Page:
Friday, September 3, 2010

Better Luck Tomorrow

Let's talk about squandered potential. It's sort of relevant to today's movie, Better Luck Tomorrow, plot-wise, but it's much more relevant when it comes to that film's director and co-writer Justin Lin. Here's a movie that showcases lots of potential, from a director with a interesting and uniquely Asian American point of view. That's a good point of view! We should see more movies from that point of view.

The film is about a group of kids of Asian descent - mostly Korean from what I can tell - who are all associates in their school. The main character is Ben (Parry Shen) a slightly shy, slightly oblivious, but mostly intelligent young man who, along with aggressive and slightly annoying friend Virgil (Jason Tobin) and Virgil's cousin Han (Sung Kang) are roped into an elaborate test cheating and ultimately drug dealing scheme by Daric (Roger Fan). In the periphery, Ben wants to pick up Stephanie Vandergosh (Karin Anna Cheung), who happens to be dating the obscenely rich Steve (John Cho). Eventually these plot threads collide violently and the entire thing ends with a bit of superficially happy ambiguity, similar to the look of slight regret right at the end of the Graduate.

In spite of Ben being the main character, focus, and narrator, the real driving focus of the film is Daric, and his obsessive need to be respected and belong. He drives the events, from writing an article about Ben being a "token Asian" on the basketball team to introducing the group to all the schemes. The main group is clearly marginalized within the school system, though this is not always explicit, and Daric does everything he can to get the approval, or at least begrudging respect, of the people around him.

That thread of needing to prove something to the people around them is something common to the characters. They struggle for good grades and Ivy League scholarships to prove their value, either to themselves, their peers, or their parents - which are never seen on screen. They enter into criminal activities to prove that they aren't just the good smart kids, but have a violent streak, an aggressive streak, or to simply get the approval of their peers. Virgil, for example, flashes a gun around constantly in order to seem tougher than he is, though when actual violence appears he cannot handle it.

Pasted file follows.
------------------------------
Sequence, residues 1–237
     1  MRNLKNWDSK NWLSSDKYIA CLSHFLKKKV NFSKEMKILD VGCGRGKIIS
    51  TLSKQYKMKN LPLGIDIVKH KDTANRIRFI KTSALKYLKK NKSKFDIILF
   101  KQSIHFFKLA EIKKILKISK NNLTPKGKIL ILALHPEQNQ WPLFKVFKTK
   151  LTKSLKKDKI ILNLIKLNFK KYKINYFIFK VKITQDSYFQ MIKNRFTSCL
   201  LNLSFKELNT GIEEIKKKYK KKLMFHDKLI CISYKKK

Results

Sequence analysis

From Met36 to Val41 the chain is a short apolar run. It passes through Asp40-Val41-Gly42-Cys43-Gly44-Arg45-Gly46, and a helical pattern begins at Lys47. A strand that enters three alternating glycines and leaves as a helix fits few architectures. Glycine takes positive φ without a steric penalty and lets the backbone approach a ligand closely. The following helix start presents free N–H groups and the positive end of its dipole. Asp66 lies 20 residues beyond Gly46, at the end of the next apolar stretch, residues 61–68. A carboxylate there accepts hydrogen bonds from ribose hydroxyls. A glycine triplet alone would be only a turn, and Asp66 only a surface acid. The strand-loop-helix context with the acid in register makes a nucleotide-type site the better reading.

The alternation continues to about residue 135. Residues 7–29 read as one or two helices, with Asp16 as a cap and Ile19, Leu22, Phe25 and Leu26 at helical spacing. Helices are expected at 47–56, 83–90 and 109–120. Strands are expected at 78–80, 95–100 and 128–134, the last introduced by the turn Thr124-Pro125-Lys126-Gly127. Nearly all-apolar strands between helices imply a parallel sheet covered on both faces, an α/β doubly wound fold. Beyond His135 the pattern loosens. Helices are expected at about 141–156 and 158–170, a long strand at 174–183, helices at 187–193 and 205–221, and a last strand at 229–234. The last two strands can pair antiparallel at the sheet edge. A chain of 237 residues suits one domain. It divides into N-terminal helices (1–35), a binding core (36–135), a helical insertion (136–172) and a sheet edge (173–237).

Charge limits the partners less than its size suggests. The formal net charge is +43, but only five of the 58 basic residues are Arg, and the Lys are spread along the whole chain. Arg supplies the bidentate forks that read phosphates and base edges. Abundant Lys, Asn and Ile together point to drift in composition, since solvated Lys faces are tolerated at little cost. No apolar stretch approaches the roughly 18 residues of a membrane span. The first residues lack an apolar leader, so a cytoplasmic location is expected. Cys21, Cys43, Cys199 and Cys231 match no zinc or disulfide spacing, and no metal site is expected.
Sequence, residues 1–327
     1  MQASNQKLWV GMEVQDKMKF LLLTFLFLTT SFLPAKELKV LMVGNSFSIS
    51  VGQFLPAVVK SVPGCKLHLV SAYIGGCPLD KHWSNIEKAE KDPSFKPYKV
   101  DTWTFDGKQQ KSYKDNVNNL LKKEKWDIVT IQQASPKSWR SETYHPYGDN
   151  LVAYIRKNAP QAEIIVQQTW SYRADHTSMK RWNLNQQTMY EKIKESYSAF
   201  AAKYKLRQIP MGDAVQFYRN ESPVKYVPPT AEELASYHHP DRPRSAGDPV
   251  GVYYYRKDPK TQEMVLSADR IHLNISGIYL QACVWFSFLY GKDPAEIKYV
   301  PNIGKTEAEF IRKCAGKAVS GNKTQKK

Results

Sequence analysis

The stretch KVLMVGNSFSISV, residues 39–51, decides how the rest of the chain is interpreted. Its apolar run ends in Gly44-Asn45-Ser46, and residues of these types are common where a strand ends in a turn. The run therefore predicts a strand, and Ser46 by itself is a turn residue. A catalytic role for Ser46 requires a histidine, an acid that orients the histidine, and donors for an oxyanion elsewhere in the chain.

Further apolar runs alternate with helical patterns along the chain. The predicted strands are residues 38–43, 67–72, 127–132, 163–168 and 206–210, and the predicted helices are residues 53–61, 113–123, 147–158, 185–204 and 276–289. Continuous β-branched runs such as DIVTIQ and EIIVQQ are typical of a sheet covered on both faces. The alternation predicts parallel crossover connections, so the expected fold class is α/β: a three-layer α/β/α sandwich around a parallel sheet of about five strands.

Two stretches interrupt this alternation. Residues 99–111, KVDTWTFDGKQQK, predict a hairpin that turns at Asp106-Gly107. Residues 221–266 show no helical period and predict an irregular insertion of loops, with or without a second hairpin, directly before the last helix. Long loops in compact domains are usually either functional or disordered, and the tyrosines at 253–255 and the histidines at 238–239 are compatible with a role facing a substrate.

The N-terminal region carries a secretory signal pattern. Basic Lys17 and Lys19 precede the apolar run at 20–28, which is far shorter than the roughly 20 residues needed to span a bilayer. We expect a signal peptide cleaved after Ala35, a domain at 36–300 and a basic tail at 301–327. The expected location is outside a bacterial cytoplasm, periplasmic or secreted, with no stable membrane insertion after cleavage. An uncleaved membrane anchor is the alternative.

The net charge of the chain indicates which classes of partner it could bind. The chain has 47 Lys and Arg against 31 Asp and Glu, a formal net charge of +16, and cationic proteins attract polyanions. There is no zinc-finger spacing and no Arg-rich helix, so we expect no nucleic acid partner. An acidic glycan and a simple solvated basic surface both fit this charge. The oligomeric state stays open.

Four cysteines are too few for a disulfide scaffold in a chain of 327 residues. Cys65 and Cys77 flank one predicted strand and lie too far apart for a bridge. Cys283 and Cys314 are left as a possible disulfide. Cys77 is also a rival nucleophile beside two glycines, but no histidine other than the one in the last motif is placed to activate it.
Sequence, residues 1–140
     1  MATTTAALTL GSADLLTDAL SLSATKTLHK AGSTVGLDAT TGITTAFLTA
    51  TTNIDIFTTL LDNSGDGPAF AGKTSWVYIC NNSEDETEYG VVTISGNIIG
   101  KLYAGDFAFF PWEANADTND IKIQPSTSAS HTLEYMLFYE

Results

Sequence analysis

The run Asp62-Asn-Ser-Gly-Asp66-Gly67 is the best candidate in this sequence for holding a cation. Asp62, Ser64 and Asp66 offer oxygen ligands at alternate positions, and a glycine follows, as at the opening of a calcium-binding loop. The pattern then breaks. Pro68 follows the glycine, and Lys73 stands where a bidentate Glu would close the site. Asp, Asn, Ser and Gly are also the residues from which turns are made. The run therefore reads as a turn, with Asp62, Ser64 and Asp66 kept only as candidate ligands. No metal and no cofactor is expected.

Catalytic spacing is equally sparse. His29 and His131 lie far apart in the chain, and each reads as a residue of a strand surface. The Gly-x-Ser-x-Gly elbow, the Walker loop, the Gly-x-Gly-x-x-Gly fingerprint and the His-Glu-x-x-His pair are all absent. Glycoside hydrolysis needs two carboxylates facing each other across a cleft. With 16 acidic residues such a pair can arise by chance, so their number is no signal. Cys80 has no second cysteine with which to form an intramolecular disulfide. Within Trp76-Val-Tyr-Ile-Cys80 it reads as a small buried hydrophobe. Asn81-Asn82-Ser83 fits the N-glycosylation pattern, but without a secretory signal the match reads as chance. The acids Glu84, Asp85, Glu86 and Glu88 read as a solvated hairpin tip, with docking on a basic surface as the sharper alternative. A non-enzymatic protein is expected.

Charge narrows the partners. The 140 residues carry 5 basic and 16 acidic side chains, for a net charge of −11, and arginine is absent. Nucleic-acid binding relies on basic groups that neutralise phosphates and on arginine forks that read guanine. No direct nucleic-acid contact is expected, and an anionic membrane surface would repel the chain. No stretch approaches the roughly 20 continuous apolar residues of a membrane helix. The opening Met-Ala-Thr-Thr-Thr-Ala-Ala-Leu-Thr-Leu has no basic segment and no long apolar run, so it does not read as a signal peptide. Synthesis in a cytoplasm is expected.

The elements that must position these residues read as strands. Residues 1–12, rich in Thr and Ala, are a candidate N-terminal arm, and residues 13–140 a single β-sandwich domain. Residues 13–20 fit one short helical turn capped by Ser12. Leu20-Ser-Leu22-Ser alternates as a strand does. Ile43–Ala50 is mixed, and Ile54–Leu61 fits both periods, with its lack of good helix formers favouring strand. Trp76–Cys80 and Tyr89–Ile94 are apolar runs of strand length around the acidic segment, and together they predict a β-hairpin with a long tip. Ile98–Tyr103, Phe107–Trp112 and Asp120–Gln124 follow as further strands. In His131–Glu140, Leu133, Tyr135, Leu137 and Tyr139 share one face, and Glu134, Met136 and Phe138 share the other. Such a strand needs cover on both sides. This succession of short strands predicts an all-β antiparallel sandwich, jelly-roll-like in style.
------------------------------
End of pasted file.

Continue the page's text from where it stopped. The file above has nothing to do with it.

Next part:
I won't claim to know the struggles of Asian people in a western society - I'm as white as the driven snow - but of course Lin does, and he makes a film that could only have been made by someone experiencing this kind of life. Lin clearly has a lot to say about growing up, and growing up in the shadow of great expectations and subtle discrimination.

So, naturally, I'm rather disappointed that Lin has abandoned meaningful and interesting films and has become the series director for Fast and the Furious. Much of Better Luck Tomorrow makes me curious about what he's going to do next, but his filmography in subsequent years has been by the book action films and, well, the Fast and the Furious. Maybe that spark of creativity is still there, but I wonder if Lin has been done in by his expectations of himself.

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